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Management of Children Who Have Eosinophilic Esophagitis

Putnam, Philip E.

Journal of Pediatric Gastroenterology and Nutrition: August 2011 - Volume 53 - Issue 2 - p 129–130
doi: 10.1097/MPG.0b013e318225cdd0
Invited Commentaries

Children's Hospital Medical Center, Cincinnati, OH.

Address correspondence and reprint requests to Philip E. Putnam, MD, 3333 Burnet Ave, ML 2010, Cincinnati, OH 45229-3039.

Received 13 May, 2011

Accepted 23 May, 2011

The author reports no conflicts of interest.

See “Identification of Specific Foods Responsible for Inflammation in Children With Eosinophilic Esophagitis Successfully Treated With Empiric Elimination Diet” by Kagalwalla et al on page 145.

During the last decade, the increasing prevalence of eosinophilic esophagitis (EoE) has been recognized in both pediatric and adult populations. Initially, case series described the clinical, endoscopic, and histologic manifestations of the condition (1,2). In 2007, a major effort was launched by a multidisciplinary group of experts that resulted in the first consensus recommendations for diagnosis and treatment of EoE (3), which was recently updated (4). These documents provide detailed information on diagnosis and therapeutic options for management, but they do not provide an algorithm for long-term management of individuals.

The present diagnostic concept is that EoE is a chronic, immune-mediated inflammatory process, isolated to the esophagus, which is most often triggered by exposure to food antigens (4). Exclusion of offending food antigens results in disease remission, and reexposure leads to recurrence. Because the number and nature of dietary triggers greatly vary between individuals, no “one-size-fits-all” diet has been devised that can at once eliminate the offending antigens while ensuring complete nutrition for all ages. Replacement of the diet by a nonallergenic, amino acid–based formula accomplishes the task, but cost, palatability, psychosocial difficulties, prolonged process for antigen reintroduction, and the frequent need for tube feeding pose great challenges for families (5).

One alternative to an elemental diet trial in the initial management of EoE is the 6-food elimination diet (SFED). Kagalwalla et al (6) have studied the impact of this diet, which simultaneously eliminates milk, egg, wheat, soy, fish/shellfish, and nuts without regard to results of traditional allergy testing. Approximately 75% of children experience remission of the esophageal eosinophilia while avoiding these antigens. The obvious advantage over an elemental diet is the retention of a substantial portion of the diet, which can be nutritionally complete when managed by a dietician. When successful, the offending food(s) are assumed to come from this group of antigens. Which of the antigens truly promote inflammation is then determined by individual reintroduction followed by endoscopic biopsies (unless obvious recurrence of symptoms requires its withdrawal). As such, a relatively small number of endoscopies would be required to complete the process from initial withdrawal to the final acceptable diet, in contrast to the number of endoscopic biopsies needed if the entire diet were withdrawn during an elemental diet trial.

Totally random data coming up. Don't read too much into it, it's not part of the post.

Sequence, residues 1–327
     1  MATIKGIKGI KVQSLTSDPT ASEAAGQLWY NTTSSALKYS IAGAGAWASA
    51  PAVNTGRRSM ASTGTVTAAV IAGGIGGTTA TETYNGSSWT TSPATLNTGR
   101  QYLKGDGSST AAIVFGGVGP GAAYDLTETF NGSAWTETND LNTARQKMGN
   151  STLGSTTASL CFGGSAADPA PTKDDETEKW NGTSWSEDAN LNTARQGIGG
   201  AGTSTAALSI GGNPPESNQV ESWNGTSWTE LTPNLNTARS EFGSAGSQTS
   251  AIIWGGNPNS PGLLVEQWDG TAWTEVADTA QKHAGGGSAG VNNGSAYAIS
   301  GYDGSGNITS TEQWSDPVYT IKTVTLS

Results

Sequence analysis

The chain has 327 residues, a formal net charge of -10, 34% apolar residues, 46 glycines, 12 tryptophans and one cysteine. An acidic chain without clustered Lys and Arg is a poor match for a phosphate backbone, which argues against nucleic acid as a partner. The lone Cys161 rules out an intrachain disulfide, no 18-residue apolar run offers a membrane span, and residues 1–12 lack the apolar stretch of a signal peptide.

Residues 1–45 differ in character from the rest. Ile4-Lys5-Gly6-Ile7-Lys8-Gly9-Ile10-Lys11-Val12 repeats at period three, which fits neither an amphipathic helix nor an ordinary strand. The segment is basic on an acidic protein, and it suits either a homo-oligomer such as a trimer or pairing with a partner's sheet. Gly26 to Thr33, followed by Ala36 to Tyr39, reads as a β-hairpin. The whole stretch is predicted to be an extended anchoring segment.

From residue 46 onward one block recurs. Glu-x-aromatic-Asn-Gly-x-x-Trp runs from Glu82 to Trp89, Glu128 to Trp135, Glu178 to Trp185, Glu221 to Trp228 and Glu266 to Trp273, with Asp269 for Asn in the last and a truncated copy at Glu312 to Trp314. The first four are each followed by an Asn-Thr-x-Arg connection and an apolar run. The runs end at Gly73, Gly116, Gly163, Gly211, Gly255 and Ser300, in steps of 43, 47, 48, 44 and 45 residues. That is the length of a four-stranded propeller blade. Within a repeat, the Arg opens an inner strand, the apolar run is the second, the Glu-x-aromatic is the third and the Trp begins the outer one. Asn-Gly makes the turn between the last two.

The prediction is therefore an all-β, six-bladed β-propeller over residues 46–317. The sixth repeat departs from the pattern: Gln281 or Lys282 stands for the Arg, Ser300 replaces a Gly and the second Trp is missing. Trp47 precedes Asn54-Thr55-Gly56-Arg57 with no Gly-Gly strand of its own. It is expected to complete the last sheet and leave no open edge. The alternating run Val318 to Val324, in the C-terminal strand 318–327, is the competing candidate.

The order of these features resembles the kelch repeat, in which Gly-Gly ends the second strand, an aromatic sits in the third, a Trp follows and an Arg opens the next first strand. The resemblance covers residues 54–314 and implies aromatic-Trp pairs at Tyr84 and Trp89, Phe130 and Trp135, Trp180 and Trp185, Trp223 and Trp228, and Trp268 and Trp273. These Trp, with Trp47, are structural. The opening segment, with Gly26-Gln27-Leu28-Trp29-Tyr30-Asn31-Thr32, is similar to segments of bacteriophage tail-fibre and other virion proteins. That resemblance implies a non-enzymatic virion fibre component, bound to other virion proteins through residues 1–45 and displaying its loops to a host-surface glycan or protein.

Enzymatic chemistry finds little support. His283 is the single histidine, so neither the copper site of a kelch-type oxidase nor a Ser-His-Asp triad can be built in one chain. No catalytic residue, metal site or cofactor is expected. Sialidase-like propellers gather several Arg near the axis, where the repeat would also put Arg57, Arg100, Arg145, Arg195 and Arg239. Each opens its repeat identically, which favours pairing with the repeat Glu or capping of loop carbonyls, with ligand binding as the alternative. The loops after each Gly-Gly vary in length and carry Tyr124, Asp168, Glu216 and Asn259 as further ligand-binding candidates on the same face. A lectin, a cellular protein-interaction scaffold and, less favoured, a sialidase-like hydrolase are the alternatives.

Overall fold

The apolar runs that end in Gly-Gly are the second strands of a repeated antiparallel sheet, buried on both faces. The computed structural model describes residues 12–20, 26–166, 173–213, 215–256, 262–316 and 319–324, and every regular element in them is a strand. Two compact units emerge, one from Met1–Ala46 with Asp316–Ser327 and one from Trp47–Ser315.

In the present study, the frequency with which the individual antigens were responsible for eosinophilic inflammation upon reintroduction was established (7). Milk was the most frequent (75%), but each of the antigens was an offender for some individuals, and some individuals adversely reacted to 2 or more of the foods. The latter phenomenon is the basis for removing all 6 foods simultaneously at the outset. If foods were removed individually, then none of the children who are intolerant of >1 antigen would show resolution because of the constant, although changing, presence of at least 1 offending food in their diet.